17. A couple of big steps toward the finish line. I now have the deck attached to the hull. To start the process I attached the deck via packing tape and then it was turned on it's side; I mixed a thickened mixture of epoxy and had to basically crawl into the kayak. Here's a look at the joint prior to filleting with epoxy; Here are the tools I'll use; This is the epoxy fillet placed; After the fillet is placed I wetted glass tape and I'll be rolling this into the seam; Here's a few pics with the tape in place; After 24 hrs the
  18. Interesting, I've noticed sharpies do not hold up and have been burning my signatures lately. What "archival pen" are you using.
  19. I wonder how this things compares
  20. No, it is not an illusion, they is a slight mound around the bolt. The mound is some filled epoxy to give some holding strength to the bolt. It may slightly affect the seating, but more than likely not as there is some relief on the underside of the foot support. The foot supports won't be placed until I'm done construction, tape on threads of bolts protects any wayward epoxy from creating a problem as the deck is epoxied on next.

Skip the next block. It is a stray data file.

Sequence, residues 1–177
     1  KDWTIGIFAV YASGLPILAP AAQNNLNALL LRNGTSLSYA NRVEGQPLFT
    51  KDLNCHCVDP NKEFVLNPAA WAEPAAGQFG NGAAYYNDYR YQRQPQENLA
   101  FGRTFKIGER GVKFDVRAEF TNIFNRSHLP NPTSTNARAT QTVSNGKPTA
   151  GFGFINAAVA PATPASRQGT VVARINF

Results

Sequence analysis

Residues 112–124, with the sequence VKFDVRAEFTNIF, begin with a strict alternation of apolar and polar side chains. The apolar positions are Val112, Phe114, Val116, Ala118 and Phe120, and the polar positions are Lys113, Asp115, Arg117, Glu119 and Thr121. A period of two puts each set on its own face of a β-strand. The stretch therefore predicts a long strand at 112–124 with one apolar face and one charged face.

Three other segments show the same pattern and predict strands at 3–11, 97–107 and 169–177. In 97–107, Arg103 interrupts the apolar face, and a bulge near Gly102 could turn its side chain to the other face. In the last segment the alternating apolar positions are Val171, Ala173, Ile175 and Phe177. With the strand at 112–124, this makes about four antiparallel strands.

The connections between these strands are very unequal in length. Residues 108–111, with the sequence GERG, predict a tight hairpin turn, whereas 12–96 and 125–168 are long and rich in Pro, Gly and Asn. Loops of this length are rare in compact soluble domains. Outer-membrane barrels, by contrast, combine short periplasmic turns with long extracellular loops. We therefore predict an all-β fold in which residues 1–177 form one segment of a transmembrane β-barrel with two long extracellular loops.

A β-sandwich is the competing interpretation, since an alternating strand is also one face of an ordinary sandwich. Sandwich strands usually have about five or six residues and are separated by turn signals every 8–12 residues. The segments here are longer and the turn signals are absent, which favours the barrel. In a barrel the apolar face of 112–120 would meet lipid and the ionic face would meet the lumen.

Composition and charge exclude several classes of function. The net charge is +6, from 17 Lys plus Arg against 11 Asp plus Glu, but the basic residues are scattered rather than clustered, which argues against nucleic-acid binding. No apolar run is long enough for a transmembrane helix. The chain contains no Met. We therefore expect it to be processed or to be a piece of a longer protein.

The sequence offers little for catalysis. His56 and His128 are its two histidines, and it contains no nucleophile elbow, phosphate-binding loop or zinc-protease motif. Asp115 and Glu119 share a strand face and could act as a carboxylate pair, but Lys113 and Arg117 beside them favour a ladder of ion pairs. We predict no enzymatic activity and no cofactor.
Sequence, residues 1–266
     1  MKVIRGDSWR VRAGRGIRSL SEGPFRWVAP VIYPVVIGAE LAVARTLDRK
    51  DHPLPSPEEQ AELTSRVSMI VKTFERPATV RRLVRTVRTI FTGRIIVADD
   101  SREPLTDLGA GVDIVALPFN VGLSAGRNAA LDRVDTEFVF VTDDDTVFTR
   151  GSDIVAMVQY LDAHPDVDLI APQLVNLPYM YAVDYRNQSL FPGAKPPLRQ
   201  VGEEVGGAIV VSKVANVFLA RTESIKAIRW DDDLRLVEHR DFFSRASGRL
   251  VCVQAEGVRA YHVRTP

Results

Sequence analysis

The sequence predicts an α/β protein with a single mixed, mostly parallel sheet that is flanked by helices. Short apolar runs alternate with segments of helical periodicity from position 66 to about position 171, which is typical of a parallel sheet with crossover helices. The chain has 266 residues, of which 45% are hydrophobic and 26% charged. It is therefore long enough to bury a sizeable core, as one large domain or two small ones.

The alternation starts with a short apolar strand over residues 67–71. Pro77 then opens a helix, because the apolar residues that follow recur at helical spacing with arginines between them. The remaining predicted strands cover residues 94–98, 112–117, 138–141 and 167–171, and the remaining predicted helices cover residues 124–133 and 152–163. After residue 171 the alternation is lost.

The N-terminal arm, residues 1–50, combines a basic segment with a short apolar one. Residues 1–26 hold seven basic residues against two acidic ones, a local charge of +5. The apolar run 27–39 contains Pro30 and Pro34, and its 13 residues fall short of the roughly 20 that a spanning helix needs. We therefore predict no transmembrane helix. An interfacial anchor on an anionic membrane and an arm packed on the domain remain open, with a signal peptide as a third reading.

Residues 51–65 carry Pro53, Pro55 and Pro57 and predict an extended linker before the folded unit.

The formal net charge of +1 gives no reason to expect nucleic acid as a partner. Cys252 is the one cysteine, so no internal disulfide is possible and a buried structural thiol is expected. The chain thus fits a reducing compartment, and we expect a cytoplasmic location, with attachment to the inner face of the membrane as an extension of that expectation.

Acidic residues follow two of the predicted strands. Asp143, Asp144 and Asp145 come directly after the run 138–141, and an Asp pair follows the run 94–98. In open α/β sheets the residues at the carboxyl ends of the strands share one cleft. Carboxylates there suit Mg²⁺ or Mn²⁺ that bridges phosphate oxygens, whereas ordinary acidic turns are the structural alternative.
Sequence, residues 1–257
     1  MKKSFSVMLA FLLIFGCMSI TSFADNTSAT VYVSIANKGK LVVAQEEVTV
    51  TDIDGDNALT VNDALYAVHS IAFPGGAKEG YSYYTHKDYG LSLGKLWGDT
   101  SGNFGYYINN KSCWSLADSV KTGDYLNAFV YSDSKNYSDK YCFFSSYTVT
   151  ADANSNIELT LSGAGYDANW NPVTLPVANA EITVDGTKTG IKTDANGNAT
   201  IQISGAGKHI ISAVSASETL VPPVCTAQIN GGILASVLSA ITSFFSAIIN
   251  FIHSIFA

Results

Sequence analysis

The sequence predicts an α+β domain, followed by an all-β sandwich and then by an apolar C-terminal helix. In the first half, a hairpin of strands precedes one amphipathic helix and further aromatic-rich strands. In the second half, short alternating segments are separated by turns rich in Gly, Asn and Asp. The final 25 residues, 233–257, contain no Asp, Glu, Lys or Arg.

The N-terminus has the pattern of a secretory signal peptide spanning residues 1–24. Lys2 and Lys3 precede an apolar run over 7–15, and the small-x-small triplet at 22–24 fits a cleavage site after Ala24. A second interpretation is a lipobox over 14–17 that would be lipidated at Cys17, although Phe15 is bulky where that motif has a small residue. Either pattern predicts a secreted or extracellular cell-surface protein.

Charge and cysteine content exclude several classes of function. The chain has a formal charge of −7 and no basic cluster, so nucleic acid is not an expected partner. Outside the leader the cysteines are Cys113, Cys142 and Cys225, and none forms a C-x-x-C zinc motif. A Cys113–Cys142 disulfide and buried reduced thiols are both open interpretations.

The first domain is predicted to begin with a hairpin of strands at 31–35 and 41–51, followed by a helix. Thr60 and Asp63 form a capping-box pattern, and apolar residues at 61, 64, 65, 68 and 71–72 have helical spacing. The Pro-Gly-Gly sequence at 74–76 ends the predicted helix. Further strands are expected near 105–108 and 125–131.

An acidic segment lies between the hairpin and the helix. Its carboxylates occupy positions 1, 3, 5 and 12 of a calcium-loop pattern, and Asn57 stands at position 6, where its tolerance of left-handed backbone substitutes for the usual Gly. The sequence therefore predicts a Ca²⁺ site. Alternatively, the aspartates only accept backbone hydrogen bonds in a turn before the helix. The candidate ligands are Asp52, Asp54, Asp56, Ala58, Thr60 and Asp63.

21. Paul Looking at your basement journal shows you are anything but a slug.
  22. Picture heavy post as I'm paddling toward the finish line construction wise. Deck underside was cleaned up and before glassing I ran a bead of thickened epoxy at the junction of the combing and the deck. This creates a smoother transition for the glassing but also strengthens this mostly end grain glue joint; Glass laid out on the underside; Epoxy applied; Just behind the cockpit, they recommend you place an extra layer of glass, as this is an area you will sit on to enter the cockpit. Extra layer placed and then saturated with epoxy; Nex
  23. OK, got it, I see what your saying, but I feel like I'm dragging, really wanted to get all this done over the past weekend. Curious, what canoe plans are you looking into?
  24. I know @Chestnut, I'm dragging on this build. Actually been pretty busy cleaning up around the house after a near miss with a tornado. Fortunately for us we weren't hit but high winds still did some minor property damage. Also, it was tedious putting together the strip decking. I think if I do another one of these (perhaps not if, but rather when), it will go better. Took me a while to get the feel of it and the process down. But nevertheless, I'm now done with the top deck. Did a little cleanup of the surface, but will wait for the final sanding and finishing of the topside after I glass the
  25. Some from my property, other logs from our family farm, and still others that I got leads on and milled. A lot of my patients know I do this and I've gotten quite a few logs from them also. The canned gas has no ethanol and is stable. I still try and run the saws a few times throughout the year, just start them and run for a minute or two. For milling I usually mix my fuel at 32/1 gas to oil, I can get 40/1 in the can. Watch running wet logs on your bandsaw, I've had some problems with that. The dust collection has trouble with the wet heavy sawdust.